Damita Jo, 68, singer who recorded international hits

December 28, 1998|By Devon Spurgeon | Devon Spurgeon,SUN STAFF

Damita Jo -- a supper club jazz singer who recorded international chart-toppers while performing on five continents -- died of respiratory illness Friday morning at Levindale Hebrew Geriatric Center in Baltimore. She was 68.

The only child of a chef and schoolteacher, Miss Jo was born in Austin, Texas, and raised in Santa Barbara, Calif. She became interested in show business in school, joining her first band, Steve Gibson and the Red Caps, in the early 1950s. For the past 30 years, she lived in Baltimore.

Performing in beaded, handmade gowns, Miss Jo headlined at major clubs and hotels and made recordings popular in the United States, Sweden, Norway, Australia, Puerto Rico and Japan.

In the United States, her 1961 single, "I'm Saving the Last Dance for You," sold a million copies. Miss Jo's 1964 duet with Billy Eckstine, "Love's a Ball," shot to No. 1 in Australia.

On May 9, 1967, she returned to Austin to play a show. The mayor, Lester E. Palmer, proclaimed it "Damita Jo Day" and named a street after her.

In 1977, she toured with the Red Foxx Revue and appeared on the comedian's ABC television show. In 1979 and 1980, she received standing ovations at the first two Atlantic City Jazz Festivals.

She performed extensively at Atlantic City hotels and casinos, sharing billings with Johnny Ray, the Lionel Hampton Band, Count Basie and Ray Charles. In 1979, she performed with Mr. Charles at Towson State University.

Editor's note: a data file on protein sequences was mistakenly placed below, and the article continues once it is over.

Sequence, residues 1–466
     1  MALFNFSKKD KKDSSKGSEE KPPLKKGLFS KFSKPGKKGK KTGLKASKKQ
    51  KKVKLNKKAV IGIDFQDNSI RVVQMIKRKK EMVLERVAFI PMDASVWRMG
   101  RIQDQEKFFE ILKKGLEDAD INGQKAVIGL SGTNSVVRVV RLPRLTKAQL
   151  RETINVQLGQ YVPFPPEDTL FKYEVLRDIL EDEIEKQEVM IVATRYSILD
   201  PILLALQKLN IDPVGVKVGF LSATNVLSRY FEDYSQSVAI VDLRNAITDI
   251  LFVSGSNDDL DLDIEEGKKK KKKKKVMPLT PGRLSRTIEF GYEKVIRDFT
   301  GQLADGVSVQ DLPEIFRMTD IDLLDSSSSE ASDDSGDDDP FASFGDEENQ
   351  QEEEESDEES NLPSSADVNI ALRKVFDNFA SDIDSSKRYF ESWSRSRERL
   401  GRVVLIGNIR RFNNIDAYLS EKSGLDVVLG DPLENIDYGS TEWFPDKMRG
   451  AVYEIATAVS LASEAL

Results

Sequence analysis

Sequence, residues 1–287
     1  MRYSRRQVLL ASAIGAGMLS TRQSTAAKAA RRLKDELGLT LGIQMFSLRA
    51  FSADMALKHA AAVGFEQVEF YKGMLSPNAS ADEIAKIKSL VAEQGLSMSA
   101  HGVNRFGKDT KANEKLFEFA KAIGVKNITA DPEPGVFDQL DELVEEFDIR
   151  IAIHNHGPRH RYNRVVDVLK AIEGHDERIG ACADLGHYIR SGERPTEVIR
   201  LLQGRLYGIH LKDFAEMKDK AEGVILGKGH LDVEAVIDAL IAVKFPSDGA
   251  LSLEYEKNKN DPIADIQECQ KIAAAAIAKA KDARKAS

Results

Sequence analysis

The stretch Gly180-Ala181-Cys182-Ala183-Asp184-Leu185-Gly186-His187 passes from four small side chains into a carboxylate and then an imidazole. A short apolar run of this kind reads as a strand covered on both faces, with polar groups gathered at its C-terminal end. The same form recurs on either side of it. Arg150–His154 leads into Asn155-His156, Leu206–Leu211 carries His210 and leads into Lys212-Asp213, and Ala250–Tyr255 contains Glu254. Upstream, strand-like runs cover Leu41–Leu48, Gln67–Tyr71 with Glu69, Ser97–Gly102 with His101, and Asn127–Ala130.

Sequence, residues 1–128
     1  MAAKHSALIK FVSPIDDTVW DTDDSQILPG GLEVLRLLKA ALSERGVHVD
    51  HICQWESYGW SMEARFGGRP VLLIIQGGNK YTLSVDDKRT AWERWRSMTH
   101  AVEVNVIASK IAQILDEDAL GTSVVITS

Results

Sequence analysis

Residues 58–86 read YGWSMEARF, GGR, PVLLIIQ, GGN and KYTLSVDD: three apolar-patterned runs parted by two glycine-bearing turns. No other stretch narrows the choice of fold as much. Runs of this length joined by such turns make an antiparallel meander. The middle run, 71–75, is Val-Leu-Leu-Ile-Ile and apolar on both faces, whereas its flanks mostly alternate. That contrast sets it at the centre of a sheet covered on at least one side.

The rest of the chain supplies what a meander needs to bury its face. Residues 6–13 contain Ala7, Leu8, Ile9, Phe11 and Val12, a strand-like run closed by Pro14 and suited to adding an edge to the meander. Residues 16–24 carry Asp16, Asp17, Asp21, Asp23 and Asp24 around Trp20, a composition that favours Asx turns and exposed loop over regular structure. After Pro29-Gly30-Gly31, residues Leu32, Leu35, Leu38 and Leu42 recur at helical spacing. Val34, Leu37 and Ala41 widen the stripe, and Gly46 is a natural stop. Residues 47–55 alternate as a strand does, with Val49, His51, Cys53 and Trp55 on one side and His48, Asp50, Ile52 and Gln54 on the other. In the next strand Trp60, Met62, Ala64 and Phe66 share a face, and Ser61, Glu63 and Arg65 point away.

Her last performance was in 1984, at the Claridge Hotel in Atlantic City, where she closed an eight-week run with Joey Bishop. In July 1985, she released her first contemporary gospel recording.

Miss Jo made more than 20 television appearances on talk and variety shows starring Mike Douglas, Ed Sullivan, Merv Griffin, Johnny Carson and Steve Allen. Mr. Allen wrote her first single, "It Takes a Little Loneliness," which she performed on his show when she was eight months pregnant.

She wrote and recorded a song called "The Color of Your Skin Makes No Difference," which was taught in the public schools and churches of Baltimore in 1983. She wrote the song in half an hour, hoping that it would inspire people to overcome their differences, said her husband and manager of 40 years, James "Biddy" Wood Sr.

A memorial service will be held at 1 p.m. Saturday at Pennsylvania Avenue African Methodist Episcopal Zion Church, Pennsylvania Avenue and Dolphin Street.

In addition to her husband, Miss Jo is survived by a daughter, Stephanie Shelton of Montclair, N.J.; a son, John Jeffrey Wood of Oakland, Calif.; and three stepchildren, Frances Murphy and James E. Wood Jr., both of Baltimore, and Susan Barnes of Biloxi, Miss.

Pub Date: 12/28/98

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